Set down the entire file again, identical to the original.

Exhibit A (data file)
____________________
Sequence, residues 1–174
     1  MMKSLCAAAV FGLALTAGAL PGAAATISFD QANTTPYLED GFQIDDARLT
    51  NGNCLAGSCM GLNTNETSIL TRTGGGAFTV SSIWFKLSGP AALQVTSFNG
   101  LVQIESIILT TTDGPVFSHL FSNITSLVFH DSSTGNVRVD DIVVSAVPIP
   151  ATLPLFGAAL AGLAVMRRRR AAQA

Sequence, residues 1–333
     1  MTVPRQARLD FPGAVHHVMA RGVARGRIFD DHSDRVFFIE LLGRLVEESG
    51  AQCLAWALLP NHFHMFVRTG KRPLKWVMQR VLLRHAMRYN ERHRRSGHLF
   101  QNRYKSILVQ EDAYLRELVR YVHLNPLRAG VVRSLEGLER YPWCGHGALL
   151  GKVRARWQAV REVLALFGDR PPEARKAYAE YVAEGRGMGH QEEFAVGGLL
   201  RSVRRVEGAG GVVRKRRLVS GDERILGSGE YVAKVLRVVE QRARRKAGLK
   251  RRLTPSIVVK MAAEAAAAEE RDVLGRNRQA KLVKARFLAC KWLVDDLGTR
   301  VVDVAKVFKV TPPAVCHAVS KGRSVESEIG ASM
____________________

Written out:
Sequence, residues 1–174
     1  MMKSLCAAAV FGLALTAGAL PGAAATISFD QANTTPYLED GFQIDDARLT
    51  NGNCLAGSCM GLNTNETSIL TRTGGGAFTV SSIWFKLSGP AALQVTSFNG
   101  LVQIESIILT TTDGPVFSHL FSNITSLVFH DSSTGNVRVD DIVVSAVPIP
   151  ATLPLFGAAL AGLAVMRRRR AAQA

Sequence, residues 1–333
     1  MTVPRQARLD FPGAVHHVMA RGVARGRIFD DHSDRVFFIE LLGRLVEESG
    51  AQCLAWALLP NHFHMFVRTG KRPLKWVMQR VLLRHAMRYN ERHRRSGHLF
   101  QNRYKSILVQ EDAYLRELVR YVHLNPLRAG VVRSLEGLER YPWCGHGALL
   151  GKVRARWQAV REVLALFGDR PPEARKAYAE YVAEGRGMGH QEEFAVGGLL
   201  RSVRRVEGAG GVVRKRRLVS GDERILGSGE YVAKVLRVVE QRARRKAGLK
   251  RRLTPSIVVK MAAEAAAAEE RDVLGRNRQA KLVKARFLAC KWLVDDLGTR
   301  VVDVAKVFKV TPPAVCHAVS KGRSVESEIG ASM